NTP symposium examines indoor air pollution from biomass fuels
By Audrey Pinto and Eddy Ball
An interdisciplinary team of speakers surveyed the state of the science, policy, and future directions of research on adverse health effects of indoor solid fuel combustion, during a symposium Aug. 18 at NIEHS, moderated by NTP toxicologist Cynthia Rider, Ph.D.
Organized and hosted by NTP, the meeting attracted NIEHS grantees and scientists from the U.S. Environmental Protection Agency (EPA) and RTI International, as well as researchers funded by nonprofits and other agencies. Attendees are dedicated to improving the health of the estimated 3 billion people worldwide who burn biomass, such as wood, dried dung, peat, and other organic solids, in indoor cookstoves and fire pits, to cook their traditional food and heat their homes (see fact sheet ).
As NIEHS and NTP Director Linda Birnbaum, Ph.D., said in her welcome and introduction, some 4 million people die prematurely each year from cancer and other diseases directly caused or worsened by exposure to indoor air pollution from biomass combustion. She described a complex exposure, involving mixtures that are not completely understood, and improved cookstove interventions that are not always effective or adopted by the people who need them.
According to Birnbaum, the problem directly relates to priority themes and goals of the NIEHS strategic plan and crosses several disciplines with implications for human rights, gender inequities, community engagement, and health disparities. “I think it’s especially an issue for women and children,” she said.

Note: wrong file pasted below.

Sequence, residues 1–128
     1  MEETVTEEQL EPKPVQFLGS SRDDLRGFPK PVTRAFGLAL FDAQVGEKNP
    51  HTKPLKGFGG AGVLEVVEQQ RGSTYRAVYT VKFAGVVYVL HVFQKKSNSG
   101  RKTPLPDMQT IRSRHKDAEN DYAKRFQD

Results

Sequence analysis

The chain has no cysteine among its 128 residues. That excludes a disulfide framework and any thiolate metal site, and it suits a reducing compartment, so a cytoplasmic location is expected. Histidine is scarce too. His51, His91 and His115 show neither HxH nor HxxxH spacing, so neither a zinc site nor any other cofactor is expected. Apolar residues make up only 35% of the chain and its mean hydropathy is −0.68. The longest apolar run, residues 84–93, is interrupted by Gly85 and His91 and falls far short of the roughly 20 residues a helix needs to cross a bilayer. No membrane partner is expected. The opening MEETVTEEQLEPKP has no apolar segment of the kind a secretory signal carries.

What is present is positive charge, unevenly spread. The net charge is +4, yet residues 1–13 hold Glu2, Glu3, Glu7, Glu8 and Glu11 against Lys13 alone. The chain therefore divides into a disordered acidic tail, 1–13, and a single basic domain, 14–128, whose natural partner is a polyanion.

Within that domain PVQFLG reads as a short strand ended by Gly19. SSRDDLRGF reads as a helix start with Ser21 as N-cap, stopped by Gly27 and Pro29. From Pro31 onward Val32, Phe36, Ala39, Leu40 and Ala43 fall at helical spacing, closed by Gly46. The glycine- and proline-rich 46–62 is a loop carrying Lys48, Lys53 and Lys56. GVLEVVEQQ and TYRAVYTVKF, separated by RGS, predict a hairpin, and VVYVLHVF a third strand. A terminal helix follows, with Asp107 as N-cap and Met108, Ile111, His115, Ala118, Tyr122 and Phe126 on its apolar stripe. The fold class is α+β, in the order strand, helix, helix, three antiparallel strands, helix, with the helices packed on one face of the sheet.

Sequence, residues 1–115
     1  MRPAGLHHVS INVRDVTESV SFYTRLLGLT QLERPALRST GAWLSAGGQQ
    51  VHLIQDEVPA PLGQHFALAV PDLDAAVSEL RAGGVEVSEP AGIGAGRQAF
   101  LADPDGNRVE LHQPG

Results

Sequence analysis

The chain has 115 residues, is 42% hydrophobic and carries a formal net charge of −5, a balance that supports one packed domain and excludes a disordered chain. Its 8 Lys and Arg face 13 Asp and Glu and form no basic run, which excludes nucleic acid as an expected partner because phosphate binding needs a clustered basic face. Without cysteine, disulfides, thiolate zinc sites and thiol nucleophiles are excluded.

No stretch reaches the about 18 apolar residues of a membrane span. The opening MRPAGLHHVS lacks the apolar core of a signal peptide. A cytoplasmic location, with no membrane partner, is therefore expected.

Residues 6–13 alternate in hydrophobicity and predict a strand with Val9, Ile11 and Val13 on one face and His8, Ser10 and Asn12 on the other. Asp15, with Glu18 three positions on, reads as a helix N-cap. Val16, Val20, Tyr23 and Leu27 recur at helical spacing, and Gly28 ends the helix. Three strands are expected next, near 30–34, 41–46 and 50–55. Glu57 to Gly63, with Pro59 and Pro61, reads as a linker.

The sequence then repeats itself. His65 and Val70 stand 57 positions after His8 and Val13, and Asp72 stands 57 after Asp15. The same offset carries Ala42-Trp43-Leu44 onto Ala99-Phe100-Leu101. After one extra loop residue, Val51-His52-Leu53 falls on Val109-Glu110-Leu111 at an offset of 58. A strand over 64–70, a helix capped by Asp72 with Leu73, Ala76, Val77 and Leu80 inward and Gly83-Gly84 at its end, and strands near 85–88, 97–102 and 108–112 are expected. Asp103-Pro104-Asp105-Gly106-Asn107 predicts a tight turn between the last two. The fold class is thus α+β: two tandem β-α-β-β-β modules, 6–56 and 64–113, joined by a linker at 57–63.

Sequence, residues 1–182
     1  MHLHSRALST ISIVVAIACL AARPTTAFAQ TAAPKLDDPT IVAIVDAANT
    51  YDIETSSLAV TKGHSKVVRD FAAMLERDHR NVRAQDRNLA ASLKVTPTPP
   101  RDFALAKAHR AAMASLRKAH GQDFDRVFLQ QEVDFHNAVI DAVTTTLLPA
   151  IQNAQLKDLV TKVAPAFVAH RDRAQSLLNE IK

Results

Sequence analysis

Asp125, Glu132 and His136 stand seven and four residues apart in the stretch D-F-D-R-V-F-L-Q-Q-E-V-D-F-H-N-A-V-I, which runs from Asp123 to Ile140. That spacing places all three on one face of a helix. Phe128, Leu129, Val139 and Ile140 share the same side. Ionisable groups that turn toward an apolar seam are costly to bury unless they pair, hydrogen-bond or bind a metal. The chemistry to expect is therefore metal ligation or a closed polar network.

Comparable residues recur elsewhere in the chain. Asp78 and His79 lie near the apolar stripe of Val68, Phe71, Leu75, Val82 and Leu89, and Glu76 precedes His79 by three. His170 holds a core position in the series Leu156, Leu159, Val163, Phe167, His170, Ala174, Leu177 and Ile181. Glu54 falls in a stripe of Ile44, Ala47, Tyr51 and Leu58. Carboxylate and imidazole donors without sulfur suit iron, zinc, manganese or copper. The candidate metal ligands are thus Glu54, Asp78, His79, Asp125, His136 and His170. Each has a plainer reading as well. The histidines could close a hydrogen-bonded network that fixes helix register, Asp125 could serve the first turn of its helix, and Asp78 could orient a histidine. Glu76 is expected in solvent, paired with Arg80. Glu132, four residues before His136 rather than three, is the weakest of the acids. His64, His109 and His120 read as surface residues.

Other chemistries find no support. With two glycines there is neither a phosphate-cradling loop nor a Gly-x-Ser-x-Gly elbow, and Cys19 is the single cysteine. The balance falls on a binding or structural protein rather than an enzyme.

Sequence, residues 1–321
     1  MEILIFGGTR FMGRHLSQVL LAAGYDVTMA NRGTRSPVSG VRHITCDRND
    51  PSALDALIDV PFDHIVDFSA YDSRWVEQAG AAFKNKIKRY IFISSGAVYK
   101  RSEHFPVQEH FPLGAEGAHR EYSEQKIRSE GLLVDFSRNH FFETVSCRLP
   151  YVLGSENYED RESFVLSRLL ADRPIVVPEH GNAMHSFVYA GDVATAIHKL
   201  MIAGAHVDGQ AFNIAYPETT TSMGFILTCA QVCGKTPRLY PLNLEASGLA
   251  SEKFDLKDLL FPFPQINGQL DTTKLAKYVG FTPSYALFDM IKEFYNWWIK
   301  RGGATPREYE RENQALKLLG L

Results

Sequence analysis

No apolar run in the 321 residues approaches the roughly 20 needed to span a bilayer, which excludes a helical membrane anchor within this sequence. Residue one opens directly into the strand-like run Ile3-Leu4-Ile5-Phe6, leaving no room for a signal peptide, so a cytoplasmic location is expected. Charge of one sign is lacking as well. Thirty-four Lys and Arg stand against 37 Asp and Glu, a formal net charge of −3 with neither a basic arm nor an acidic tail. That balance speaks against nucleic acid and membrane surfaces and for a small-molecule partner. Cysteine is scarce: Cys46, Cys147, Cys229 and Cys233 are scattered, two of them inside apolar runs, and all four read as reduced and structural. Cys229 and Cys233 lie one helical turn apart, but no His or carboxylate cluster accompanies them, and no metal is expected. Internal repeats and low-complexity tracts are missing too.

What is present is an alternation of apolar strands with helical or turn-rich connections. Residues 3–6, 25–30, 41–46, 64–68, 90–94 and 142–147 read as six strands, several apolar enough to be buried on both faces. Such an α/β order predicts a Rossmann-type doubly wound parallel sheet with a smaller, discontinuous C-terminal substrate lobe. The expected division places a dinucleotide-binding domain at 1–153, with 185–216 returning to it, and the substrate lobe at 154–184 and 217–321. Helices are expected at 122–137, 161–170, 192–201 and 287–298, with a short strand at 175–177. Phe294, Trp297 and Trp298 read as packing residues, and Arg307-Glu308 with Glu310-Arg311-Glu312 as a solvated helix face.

A real commitment, but much more is needed
Birnbaum was followed by Claudia Thompson, Ph.D., who described the impressive NIEHS grants portfolio on cookstoves and the NIEHS-WHO Collaborating Centre for Environmental Health Sciences emphasis on translation and capacity building in developing countries.
Elaborating on themes introduced by Birnbaum and Thompson, keynote speaker Sumi Mehta, Ph.D., director of programs for the 1,000-partner Global Alliance for Clean Cookstoves (GACC), described the group’s goal of supplying 100 million households with improved cookstoves by 2020 through what she called an integrated market approach.
Mehta pointed to some of the gaps in knowledge and performance that must be addressed, including the discrepancy between lab performance and field performance of new technology, as well as the importance of demonstrating that adoption of improved cookstoves can actually save lives. There remain important co-exposures, such as kerosene lighting and second-hand smoke, that need to be better understood.
(Launches in new window)
Work on better understanding exposures is well underway at EPA and NTP. David DeMarini, Ph.D., a genetic toxicologist with EPA, addressed “Mutagenicity Emission Factors of Cookstoves: Health Effects Implications Relative to Other Combustion Emissions,” as part of the morning session’s four EPA cookstove research presentations.
Regarding test data from natural draft (ND) and forced draft (FD) cookstoves with analysis of fine particulate matter (PM 2.5) for 32 polycyclic aromatic hydrocarbons, DeMarini said, “It does reinforce how bad all of the stoves are compared to propane.” He found that even FD, the safest and most efficient of the biomass stoves, is far from safe. “FD has a mutagen factor based on fuel energy similar to that of diesel, a known carcinogen,” he said.
“Even the best stoves are not safe without adequate ventilation,” DeMarini cautioned. He said the ND, or rocket, stove is no better than the three-stone fire pit in use in many households, noting that vastly less pollution is produced by liquid and gas stoves, which perform as much as 100 times better than stoves burning solid fuels.